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We have arrived in Kunming, capital of Yunnan Province in southwest China. Yesterday was a fairly stressful one. It started in Taipei, Taiwan where we had spent a delightful 6 days with our son Anthony, his wife Vanessa and their 2 darling daughters Trudi and Izzi. They own and operate an English language school, and Anthony is also developing Taiwanease.com, a website especially designed and intended for ex-pats living in Taiwan (of whom there are 10s of thousands). However, I digress. After we had been dropped off at the Taipei airport for what we thought would be a straightforward flight to Kunming (via Shenzhen, very close to Hong Kong), we were informed that our China Southern Airlines flight had been cancelled. There followed some animated negotiation which resulted in our getting a flight on a China Airlines flight. There was also the little matter of our vast amount of luggage (funny how much stuff you have to take when you’re packing for 2 seasons,and lots of books and scores and orchestral materials which I will need for my work at the university. I have to tell you this…upon our arrival in Taipei a week earlier, Anthony had posted a photo on Facebook of Maggie and me with our 2 bulging baggage carts. One of his friends remarked how thoughtful it was of Maggie and me to look after the luggage of everyone on the flight!). All that by way of saying that our overweight charge Taipei to Shenzhen was a whopping $400 (another $200 to fly it from Shenzhen to Kunming). Oh well, it’s only money, right? The flight itself was smooth and comfortable. Then, in Shenzhen we were told that our China Southern Airlines flight to Kunming had also been cancelled! One wonders whether CSA flies anywhere at all! We were advised to call our travel agent in Canada to make alternate arrangements. The fact that it was 2am in Ontario didn’t really register with the CSA folks. However, one of them was very helpful and helped us book a flight with Shenzhen Airlines. Of course that flight wasn’t due to leave until 9pm. In the meantime, understand, Maggie and I are navigating our 300 lbs. of luggage from one terminal to another. On one occasion we had to move from arrivals to departures via the escalator, having been informed (incorrectly, it turned out) that there were no elevators. So I’m lugging our stuff piece by piece up to departures while Maggie, now in her guard dog persona, is keeping watch over our hoard at the bottom of the escalator. That all worked out fine with me emerging more fit than I’ve been in years! We got our bags checked, parted with another $200 in overweight charges, and then began a hilarious exploration of the airport as we kept heeding the announcements…one after the other, about a half hour apart…that the departure gate had been changed. Mind you, these changes were themselves the equivalent of a short flight! We were exhausted, but I kept reminding Maggie how funny all this was. Let’s just say the hilarity of the situation pretty much escaped her this time! The flight was delayed (of course!) by 1 hr. When we were finally seated on the aircraft, we were told that due to “air traffic control issues”, we wouldn’t be airborne for another hour! But eventually we took off and arrived in Kunming just after 1am Friday. We were to have landed Thursday evening about 9! Olivia Chan, a charming young woman from the Yunnan Arts University with whom we have been corresponding for months, was there to meet us along with a driver and a large van (we had warned her in advance about our little mountain of stuff!). We arrived at our apartment and learned that it’s a 5th floor walkup! Thank goodness the driver must also be a Sherpa…he carried our big suitcases up those 5 flights, and wasn’t even out of breath. Remember, Kunming is situated 1900 metres above sea level, so you do notice the thin air.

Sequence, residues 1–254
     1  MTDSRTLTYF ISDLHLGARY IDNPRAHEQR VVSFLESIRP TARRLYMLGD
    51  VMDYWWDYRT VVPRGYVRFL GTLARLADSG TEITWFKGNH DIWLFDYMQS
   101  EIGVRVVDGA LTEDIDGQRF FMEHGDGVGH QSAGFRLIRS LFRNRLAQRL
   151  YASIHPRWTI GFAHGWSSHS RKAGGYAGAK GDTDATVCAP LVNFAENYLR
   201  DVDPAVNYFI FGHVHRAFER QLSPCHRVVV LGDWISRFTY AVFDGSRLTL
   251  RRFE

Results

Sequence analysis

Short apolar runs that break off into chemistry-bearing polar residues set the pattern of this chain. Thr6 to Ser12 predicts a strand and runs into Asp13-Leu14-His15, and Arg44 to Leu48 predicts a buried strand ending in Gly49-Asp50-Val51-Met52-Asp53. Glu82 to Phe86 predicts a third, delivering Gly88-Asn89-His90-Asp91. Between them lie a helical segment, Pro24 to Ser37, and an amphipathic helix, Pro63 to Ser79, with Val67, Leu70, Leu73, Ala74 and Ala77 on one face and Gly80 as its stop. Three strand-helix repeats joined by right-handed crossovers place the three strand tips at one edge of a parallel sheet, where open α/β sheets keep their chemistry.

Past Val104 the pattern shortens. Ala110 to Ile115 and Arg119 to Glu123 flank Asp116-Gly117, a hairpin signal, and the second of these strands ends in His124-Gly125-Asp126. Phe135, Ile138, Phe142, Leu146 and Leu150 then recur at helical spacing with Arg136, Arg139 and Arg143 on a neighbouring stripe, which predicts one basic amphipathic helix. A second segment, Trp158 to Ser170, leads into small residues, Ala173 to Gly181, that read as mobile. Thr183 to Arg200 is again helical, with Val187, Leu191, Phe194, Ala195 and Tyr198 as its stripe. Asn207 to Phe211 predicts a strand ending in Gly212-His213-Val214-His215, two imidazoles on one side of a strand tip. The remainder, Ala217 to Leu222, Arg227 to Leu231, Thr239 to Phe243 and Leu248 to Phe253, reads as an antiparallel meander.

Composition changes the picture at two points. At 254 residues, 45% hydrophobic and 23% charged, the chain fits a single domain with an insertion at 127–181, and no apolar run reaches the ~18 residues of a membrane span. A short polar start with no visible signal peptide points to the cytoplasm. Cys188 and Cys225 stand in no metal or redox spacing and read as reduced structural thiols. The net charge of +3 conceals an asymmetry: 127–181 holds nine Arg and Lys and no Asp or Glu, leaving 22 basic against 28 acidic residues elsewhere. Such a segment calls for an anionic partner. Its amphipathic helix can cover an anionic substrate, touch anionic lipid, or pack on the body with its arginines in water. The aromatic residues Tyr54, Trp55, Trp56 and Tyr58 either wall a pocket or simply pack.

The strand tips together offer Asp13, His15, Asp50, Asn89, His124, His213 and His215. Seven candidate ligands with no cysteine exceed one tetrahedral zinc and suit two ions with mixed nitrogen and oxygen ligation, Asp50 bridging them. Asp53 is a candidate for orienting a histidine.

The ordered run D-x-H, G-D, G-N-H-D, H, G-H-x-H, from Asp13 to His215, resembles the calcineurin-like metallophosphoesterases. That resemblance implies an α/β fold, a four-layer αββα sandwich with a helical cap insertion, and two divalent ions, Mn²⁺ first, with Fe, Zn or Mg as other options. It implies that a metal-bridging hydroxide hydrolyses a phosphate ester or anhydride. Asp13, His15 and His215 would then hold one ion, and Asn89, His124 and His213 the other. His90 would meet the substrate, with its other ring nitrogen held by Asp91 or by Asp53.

Now to the apartment itself. It’s lovely, spacious and well appointed. We’re renting it from a French couple who own and operate a French Cafe on the ground floor of the same building we’re living in. We (read Maggie) unpacked our toothbrushes and a few other things and hit the sack at about 3:30am. It had been quite a day! However, the king bed is very comfortable and we slept the sleep of the dead. This morning about 11 we wandered down to find the French Cafe. I knew our stay here will be colourful when I saw a somewhat bedraggled, down-on-his-luck Englishman, standing in front of another coffee shop (there are plenty of them here in our district), and, in a pungent limey accent, already into his cups, talking plaintively on his cell phone, something to the effect of “…I just needed a f—-ing shoulder to whine on”. Abruptly ending his phone conversation, he then proceeded to be most helpful to us. Believe me, the ex-pat community in these remote parts of the world is nothing if not interesting! After breakfast at the French Cafe, Xiaoxun, the co-owner of said cafe, and mercifully also fluent in English, took us to the local Police station to be registered, something all foreigners have to do. After that, we found a local shop (“Paul’s”) where all foreigners shop, picked up a few groceries, and headed back to our new home to continue settling in. We have the weekend to complete that process and to explore our new surroundings, and then on Monday the adventure at Yunnan Arts University begins. I’ll be conducting the choir, organizing and conducting a university orchestra, and also teaching conducting. Maggie will be coaching the excellent 55 voice choir in Latin and English. The choir has sung in Chinese only, and they are very keen to tackle the Mozart Requiem and a few choice morsels from Handel’s Messiah.
Life is good! As I get better at the technical aspects of blogging (with some much-needed help from my 15 year old grandson/IT guy back in Canada), I may even include some photos. That’s it for today.